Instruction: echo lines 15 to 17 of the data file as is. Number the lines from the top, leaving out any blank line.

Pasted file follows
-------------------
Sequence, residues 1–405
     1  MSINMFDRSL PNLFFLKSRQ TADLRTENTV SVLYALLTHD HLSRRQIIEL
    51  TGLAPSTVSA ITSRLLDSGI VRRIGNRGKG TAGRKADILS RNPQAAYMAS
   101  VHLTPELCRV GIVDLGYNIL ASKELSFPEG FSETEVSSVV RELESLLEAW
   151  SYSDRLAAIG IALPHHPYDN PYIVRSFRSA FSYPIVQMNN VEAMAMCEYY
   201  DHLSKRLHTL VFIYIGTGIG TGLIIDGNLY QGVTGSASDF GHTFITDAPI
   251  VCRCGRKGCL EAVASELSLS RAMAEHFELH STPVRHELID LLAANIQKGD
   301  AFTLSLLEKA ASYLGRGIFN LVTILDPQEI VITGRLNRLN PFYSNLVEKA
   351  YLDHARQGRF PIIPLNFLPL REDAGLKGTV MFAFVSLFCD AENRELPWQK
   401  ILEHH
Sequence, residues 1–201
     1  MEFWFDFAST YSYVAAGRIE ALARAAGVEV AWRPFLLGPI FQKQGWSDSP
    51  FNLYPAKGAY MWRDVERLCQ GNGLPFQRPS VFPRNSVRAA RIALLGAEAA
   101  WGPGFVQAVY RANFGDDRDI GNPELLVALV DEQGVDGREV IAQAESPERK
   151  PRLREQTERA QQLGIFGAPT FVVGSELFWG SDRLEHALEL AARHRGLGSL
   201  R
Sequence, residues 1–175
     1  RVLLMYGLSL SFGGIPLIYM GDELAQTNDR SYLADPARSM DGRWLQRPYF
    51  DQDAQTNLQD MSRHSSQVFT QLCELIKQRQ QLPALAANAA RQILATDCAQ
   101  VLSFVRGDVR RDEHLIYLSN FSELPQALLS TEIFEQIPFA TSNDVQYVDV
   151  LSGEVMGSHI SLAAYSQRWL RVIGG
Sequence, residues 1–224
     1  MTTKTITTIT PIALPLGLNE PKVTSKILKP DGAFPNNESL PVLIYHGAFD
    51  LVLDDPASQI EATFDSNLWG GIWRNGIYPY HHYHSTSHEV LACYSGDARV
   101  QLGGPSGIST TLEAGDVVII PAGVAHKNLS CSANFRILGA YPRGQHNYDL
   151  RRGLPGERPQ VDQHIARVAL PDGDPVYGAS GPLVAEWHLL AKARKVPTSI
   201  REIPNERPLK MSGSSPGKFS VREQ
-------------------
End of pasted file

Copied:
   151  PRLREQTERA QQLGIFGAPT FVVGSELFWG SDRLEHALEL AARHRGLGSL
   201  R
Sequence, residues 1–175